First Listen: Slow Club, 'Complete Surrender' Echoes of British R&B and vintage American pop ring through an album by this English duo. "The idea behind it," Charles Watson says, "was to be a bit more reserved."

First Listen: Slow Club, 'Complete Surrender'

Slow Club's new album, Complete Surrender, comes out July 15. Andy Earl/Courtesy of the artist hide caption

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Andy Earl/Courtesy of the artist

Slow Club's new album, Complete Surrender, comes out July 15.

Andy Earl/Courtesy of the artist

Complete Surrender

Audio for First Listens is no longer available after the album has been released.

Sheffield, England — the setting for The Full Monty and part of the British equivalent of the Rust Belt — seems an unlikely spawning ground for the wistful pop of this duo with a deceptively static name. But from the youthful, acoustic-and-harmony-based pop of their early material to the more elaborate arrangements of 2011's Paradise, Slow Club's music has always had an upful sheen that's sometimes belied by melancholy lyrics and melodies.

For Complete Surrender, their third full-length, singers and multi-instrumentalists Charles Watson and Rebecca Taylor have moved on from their earlier releases, streamlining and refining their songwriting while hauling in a truckload of R&B influences from several different eras. Northern soul has been a strong tradition in the north of England since the 1960s, and here the duo has brought a crate-digger's expertise to their soulful sounds.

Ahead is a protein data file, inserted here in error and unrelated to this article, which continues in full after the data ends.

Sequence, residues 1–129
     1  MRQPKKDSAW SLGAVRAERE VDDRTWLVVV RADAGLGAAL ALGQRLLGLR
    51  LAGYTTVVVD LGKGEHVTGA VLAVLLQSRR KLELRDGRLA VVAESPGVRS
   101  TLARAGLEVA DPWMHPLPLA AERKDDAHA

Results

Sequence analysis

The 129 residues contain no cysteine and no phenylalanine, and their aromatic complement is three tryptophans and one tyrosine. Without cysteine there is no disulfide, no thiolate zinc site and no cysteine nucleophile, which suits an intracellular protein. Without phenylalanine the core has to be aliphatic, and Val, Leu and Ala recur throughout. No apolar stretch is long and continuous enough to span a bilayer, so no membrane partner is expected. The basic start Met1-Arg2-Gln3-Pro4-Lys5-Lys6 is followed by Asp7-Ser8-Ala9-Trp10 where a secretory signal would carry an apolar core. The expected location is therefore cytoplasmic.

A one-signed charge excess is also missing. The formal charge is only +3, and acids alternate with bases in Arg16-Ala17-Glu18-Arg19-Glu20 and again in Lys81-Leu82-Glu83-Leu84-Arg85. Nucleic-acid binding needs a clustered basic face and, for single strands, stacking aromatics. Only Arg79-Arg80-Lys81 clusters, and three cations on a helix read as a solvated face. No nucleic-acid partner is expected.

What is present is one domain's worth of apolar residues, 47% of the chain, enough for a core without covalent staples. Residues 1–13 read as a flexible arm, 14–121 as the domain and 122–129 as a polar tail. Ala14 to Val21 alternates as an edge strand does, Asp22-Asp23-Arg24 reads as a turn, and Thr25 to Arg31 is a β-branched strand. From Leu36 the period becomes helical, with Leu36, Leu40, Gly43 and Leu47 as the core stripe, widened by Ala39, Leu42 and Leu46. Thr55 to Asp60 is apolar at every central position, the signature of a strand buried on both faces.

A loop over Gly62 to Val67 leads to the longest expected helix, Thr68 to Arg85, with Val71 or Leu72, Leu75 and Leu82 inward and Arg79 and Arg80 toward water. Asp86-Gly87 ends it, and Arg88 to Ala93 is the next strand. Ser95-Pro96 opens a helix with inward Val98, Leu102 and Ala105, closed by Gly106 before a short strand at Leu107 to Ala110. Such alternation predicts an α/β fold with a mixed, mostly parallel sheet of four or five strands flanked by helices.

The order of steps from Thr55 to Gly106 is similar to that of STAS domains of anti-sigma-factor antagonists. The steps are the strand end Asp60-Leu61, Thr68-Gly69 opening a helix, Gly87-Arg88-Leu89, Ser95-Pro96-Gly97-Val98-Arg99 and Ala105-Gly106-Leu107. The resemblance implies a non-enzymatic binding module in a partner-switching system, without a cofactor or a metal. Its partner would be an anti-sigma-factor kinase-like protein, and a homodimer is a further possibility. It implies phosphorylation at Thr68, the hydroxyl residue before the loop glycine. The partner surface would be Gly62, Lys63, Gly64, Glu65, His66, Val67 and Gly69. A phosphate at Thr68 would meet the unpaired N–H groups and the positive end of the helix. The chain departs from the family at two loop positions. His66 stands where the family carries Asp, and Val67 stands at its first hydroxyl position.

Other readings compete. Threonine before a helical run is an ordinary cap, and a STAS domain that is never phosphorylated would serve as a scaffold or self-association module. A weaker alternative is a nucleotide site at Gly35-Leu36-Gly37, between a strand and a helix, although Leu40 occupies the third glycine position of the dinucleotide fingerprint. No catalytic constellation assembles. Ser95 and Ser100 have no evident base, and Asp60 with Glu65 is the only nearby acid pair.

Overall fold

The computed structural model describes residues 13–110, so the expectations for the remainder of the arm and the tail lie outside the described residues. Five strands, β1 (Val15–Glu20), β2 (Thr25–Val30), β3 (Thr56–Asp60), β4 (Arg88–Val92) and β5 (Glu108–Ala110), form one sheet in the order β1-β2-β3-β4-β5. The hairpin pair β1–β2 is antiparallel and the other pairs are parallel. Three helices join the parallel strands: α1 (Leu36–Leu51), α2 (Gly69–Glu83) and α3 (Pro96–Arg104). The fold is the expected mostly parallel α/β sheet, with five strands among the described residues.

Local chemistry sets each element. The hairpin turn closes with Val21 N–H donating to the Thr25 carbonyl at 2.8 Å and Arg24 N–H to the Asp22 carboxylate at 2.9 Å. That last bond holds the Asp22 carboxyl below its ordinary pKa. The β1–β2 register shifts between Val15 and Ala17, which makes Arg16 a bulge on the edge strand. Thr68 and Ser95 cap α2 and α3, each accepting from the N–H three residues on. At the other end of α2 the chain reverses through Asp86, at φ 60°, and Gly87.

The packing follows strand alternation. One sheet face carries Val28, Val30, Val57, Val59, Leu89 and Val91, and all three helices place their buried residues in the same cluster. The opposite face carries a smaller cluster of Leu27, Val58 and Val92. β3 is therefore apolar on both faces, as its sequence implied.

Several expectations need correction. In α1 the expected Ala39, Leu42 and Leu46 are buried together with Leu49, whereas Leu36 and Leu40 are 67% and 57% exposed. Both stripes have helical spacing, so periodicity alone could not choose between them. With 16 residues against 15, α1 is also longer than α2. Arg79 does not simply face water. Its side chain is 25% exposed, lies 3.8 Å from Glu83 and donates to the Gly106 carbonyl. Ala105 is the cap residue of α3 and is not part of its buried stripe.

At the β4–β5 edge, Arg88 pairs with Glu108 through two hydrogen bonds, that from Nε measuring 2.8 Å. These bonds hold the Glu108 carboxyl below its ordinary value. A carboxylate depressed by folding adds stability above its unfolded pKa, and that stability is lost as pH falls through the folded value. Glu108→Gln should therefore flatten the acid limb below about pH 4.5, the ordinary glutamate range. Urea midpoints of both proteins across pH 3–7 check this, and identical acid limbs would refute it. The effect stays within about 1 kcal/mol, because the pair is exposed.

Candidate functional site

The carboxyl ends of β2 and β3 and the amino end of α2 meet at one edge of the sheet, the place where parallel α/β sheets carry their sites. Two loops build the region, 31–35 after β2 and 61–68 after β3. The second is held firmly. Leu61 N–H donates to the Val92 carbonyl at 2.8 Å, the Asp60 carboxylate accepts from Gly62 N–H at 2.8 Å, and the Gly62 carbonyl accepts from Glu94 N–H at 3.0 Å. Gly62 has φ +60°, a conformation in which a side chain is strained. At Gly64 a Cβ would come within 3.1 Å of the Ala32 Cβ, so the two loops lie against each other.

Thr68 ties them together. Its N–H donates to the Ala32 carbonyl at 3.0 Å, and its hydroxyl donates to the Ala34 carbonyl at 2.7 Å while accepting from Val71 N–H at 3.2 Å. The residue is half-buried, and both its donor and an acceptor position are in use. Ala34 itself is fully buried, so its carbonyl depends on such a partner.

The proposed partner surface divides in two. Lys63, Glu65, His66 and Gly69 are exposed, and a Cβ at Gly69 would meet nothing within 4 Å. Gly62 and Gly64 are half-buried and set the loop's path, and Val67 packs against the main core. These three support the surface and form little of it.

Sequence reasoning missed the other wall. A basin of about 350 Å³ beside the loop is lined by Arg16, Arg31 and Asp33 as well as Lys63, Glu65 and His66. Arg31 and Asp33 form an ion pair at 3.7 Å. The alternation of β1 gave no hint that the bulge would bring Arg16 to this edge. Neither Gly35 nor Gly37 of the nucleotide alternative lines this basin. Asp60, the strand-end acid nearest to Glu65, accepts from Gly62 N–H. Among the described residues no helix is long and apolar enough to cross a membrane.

There's a heaping spoonful of Motown in "Suffering," some Supremes/Bacharach flourishes on the title track, Philly soul strings in "Not Mine to Love" and a giant Stax Records/Otis Redding influence and a bring-the-house-down vocal from Taylor on ... er ... yes, a song actually called "The Queen's Nose." (The title, which comes from a children's book and 1990s BBC TV series, will be baffling to anyone who isn't a Brit of a certain age; the song's lyrics address heartbreak, music and, apparently, pregnancy but not the book or show, at least not overtly).

While not a retro album, there's definitely a silky '60s groove to much of Complete Surrender.

"We wanted to make a straight record — drums, bass, organ, guitar, maybe strings," Watson says. "The idea behind it was to be a bit more reserved." Indeed, Taylor is a singer of rare subtlety and skill. She doesn't bowl you over with showboating and Aguilera-style pyrotechnics. You just suddenly realize, wow, she's killing it on that chorus.

The duo has already released a pair of videos from the album: the title track, which finds Taylor unexpectedly glammed up and dancing, and the Rocky-themed "Suffering You, Suffering Me," where she's anything but.

The group — which has toured with Mumford and Sons, KT Tunstall and Florence and the Machine, among others — did a quick Stateside run last month but will be back for a full tour in September. Slow Club expands to a quartet (and sometimes more) in a live setting, and while the group's show is dazzling for any number of reasons, the sight of Taylor playing the drums in a cocktail dress while belting out a soulful ballad is particularly not to be missed.

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